US20090063829A1 - Method, System, computer program product and data processing program for verifying a processor Design - Google Patents

Method, System, computer program product and data processing program for verifying a processor Design Download PDF

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US20090063829A1
US20090063829A1 US12182211 US18221108A US2009063829A1 US 20090063829 A1 US20090063829 A1 US 20090063829A1 US 12182211 US12182211 US 12182211 US 18221108 A US18221108 A US 18221108A US 2009063829 A1 US2009063829 A1 US 2009063829A1
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instruction
execution
monitor
queue
file
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US12182211
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US8249848B2 (en )
Inventor
Stefan Letz
Kai Weber
Juergen Vielfort
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GlobalFoundries Inc
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International Business Machines Corp
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    • GPHYSICS
    • G06COMPUTING; CALCULATING; COUNTING
    • G06FELECTRIC DIGITAL DATA PROCESSING
    • G06F9/00Arrangements for program control, e.g. control units
    • G06F9/06Arrangements for program control, e.g. control units using stored programs, i.e. using an internal store of processing equipment to receive or retain programs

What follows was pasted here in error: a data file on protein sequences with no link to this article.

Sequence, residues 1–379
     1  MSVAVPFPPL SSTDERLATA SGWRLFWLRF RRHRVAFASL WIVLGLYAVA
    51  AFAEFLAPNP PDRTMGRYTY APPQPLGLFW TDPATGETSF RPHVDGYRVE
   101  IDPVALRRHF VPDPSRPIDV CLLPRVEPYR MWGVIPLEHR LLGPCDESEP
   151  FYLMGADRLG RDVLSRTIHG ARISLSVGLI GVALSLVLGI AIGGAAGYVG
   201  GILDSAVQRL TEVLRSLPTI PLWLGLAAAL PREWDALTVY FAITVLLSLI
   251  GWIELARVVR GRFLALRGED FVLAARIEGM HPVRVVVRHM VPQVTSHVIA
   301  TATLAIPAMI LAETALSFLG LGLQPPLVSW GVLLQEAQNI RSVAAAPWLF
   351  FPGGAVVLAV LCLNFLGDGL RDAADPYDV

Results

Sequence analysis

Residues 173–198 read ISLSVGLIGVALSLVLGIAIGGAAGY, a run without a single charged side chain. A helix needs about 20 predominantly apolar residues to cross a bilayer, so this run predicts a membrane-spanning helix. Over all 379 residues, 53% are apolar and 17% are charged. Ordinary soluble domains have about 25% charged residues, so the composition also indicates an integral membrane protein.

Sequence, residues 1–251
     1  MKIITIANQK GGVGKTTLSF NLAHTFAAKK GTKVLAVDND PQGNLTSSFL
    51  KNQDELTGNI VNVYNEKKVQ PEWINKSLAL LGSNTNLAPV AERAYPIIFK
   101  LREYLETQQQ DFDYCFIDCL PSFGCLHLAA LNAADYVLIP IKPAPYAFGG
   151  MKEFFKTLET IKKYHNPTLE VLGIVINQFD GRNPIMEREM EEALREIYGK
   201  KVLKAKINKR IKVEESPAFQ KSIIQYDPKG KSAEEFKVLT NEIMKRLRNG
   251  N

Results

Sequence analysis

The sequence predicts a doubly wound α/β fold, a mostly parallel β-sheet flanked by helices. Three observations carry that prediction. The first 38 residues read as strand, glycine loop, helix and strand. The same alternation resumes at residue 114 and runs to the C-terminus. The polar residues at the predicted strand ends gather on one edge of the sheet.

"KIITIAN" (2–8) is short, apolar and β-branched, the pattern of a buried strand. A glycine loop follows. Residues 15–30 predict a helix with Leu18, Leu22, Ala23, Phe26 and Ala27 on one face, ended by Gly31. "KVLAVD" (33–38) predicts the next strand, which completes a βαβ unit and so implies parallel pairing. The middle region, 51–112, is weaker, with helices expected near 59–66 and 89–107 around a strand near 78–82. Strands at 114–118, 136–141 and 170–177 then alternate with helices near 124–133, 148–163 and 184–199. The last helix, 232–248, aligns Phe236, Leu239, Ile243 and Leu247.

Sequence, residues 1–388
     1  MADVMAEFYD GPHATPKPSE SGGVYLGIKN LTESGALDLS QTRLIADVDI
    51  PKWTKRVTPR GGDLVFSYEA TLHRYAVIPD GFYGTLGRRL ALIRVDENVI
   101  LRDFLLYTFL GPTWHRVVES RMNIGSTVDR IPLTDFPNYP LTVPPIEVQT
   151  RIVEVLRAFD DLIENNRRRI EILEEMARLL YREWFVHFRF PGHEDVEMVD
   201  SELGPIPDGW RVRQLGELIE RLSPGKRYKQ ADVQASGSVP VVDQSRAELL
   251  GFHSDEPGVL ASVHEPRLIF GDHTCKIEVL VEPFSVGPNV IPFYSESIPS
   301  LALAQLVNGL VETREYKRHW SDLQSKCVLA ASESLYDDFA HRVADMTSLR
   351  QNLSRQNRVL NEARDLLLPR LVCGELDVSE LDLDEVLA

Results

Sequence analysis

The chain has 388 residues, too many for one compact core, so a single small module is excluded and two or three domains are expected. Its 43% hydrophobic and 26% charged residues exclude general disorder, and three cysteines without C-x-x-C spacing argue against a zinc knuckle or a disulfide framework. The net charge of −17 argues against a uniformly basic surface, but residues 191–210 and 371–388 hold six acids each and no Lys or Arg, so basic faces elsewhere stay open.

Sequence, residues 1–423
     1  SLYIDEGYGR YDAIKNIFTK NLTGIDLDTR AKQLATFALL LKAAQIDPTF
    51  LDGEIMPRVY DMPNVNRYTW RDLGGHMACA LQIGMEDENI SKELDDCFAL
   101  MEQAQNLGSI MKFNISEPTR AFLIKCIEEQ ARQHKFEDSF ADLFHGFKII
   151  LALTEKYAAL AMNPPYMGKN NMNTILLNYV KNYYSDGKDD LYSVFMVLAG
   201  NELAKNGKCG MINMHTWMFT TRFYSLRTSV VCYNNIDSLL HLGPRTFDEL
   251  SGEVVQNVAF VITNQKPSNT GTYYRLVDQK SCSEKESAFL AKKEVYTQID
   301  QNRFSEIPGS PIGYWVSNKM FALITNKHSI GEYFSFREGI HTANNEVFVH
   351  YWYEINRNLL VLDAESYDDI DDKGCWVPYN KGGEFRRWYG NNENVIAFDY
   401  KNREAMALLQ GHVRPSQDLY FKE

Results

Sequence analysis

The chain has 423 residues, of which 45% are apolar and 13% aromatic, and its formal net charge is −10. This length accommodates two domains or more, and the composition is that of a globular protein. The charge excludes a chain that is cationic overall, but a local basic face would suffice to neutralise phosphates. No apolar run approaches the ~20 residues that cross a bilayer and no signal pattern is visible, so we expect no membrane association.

• G06F9/30Arrangements for executing machine instructions, e.g. instruction decode
    • G06F9/38Concurrent instruction execution, e.g. pipeline, look ahead
    • G06F9/3836Instruction issuing, e.g. dynamic instruction scheduling, out of order instruction execution
    • G06F9/3857Result writeback, i.e. updating the architectural state
    • G06F9/3859Result writeback, i.e. updating the architectural state with result invalidation, e.g. nullification
    • GPHYSICS
    • G06COMPUTING; CALCULATING; COUNTING
    • G06FELECTRIC DIGITAL DATA PROCESSING
    • G06F17/00Digital computing or data processing equipment or methods, specially adapted for specific functions
    • G06F17/50Computer-aided design
    • G06F17/5009Computer-aided design using simulation
    • G06F17/5022Logic simulation, e.g. for logic circuit operation
    • GPHYSICS
    • G06COMPUTING; CALCULATING; COUNTING
    • G06FELECTRIC DIGITAL DATA PROCESSING
    • G06F2217/00Indexing scheme relating to computer aided design [CAD]
    • G06F2217/68Processors

Abstract

An improved method of verifying a processor design using a processor simulation model in a simulation environment is disclosed, wherein the processor simulation model comprises at least one execution unit for executing at least one instruction of a test file. The method comprises tracking each execution of each of the at least one instruction, monitoring relevant signals in each simulation cycle, maintaining information about the execution of the at least one instruction, wherein said maintained information comprises a determination of an execution length of a completely executed instruction, matching said maintained information about said completely executed instruction against a set of trap elements provided by the user through a trap file, and collecting the maintained information about the completely executed instruction in a monitor file in response to a match found between the maintained information and at least one of the trap elements.

Description

    CROSS-REFERENCE TO RELATED APPLICATIONS
  • This application claims priority under 35 U.S.C. § 119 to European Patent Application No. 07115720.0 filed Sep. 5, 2007, the entire text of which is specifically incorporated by reference herein.
  • BACKGROUND OF THE INVENTION
  • 1. Field of the Invention